Although eye witness to all of the inventory that entered and exited their photography studio, several learners expressed a lack of understanding regarding actual spending of the $2,000.00 in Action Research Grant funds allocated to their class for the opening of a photography studio. It seemed they were having trouble understanding where all the money had gone! It never occurred to me before that this would pose a problem for them, since the group of learners that started this project remained in my class for the duration of it and were witness to, and many times assisted in the spending of the grant funds. Imagine their surprise the day of the grand opening of their portrait studio when I told them that all of our $2,000.00 had been spent and any more money we needed to spend could come only from the profits they made selling portraits! In an attempt to bring their understanding of small business ownership full circle, I developed this learning activity.

Learning Activity Description:

  1. Background
    Opening a small business involves obtaining a vast array of capital resources, from office and cleaning supplies and equipment-specific capital, to the leasing of a location, marketing, and company vehicle expenses. Part of being a successful small business owner involves keeping accurate records of company spending.

  2. Taking Stock of Where We Are: Calculating Funds Expended
    Give each learner one blank inventory journal per month of business operation (Handout 1). Either on an overhead transparency or on a sample sheet to pass around, show the learners a sample inventory journal (Handout 2). Explain that each inventory sheet represents spending for a one-month period. The month the inventory is recorded is written in the blank at the top. The amount of money in the account to purchase inventory with is written in the blank "Beginning Physical Inventory." In the left-hand column, each day of the month is listed. In the next column titled "description," the place the inventory was purchased is written. The cost of the purchase is written in the following column, and if any inventory was returned, the amount of the return is written in the last column. This process is repeated for all spending that occurred in the specified month.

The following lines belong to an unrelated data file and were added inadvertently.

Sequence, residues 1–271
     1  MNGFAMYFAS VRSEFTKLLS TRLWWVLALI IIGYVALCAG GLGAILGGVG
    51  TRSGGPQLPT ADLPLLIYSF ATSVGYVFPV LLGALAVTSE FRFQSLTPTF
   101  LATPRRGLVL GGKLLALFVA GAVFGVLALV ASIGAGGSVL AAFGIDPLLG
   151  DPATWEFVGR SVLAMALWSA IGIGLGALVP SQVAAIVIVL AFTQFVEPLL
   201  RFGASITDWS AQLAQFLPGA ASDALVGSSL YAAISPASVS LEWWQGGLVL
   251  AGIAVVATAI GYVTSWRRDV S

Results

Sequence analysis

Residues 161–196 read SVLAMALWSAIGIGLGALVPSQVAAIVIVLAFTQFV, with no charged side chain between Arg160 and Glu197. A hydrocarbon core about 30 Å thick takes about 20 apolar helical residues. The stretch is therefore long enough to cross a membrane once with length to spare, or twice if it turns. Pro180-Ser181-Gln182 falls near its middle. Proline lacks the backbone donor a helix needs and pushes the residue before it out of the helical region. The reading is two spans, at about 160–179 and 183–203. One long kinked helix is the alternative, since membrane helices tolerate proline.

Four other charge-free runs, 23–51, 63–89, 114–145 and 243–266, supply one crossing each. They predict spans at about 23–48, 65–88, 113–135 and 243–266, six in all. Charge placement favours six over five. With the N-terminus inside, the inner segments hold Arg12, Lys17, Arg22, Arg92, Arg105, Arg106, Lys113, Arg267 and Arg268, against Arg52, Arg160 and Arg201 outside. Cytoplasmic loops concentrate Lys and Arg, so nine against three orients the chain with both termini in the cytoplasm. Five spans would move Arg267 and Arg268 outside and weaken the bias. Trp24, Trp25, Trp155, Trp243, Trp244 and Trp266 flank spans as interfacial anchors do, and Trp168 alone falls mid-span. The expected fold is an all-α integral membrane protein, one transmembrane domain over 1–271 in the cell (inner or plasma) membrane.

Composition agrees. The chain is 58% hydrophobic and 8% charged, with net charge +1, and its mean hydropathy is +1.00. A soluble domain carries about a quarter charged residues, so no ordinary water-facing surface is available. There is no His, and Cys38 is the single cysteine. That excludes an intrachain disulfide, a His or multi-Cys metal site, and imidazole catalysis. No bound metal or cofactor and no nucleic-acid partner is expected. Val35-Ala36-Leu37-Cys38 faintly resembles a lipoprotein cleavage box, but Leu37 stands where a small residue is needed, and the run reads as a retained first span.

• At the bottom of the inventory journal, all spending is totaled for the month, as well as any returns. The cost is subtracted from the amount written in the blank "Beginning Physical Inventory," any returns are added, and a new total is written in at the bottom blank called "Ending Physical Inventory" (see sample inventory journal). The ending physical inventory becomes the beginning physical inventory for the next month, and the entire process is repeated for all succeeding months.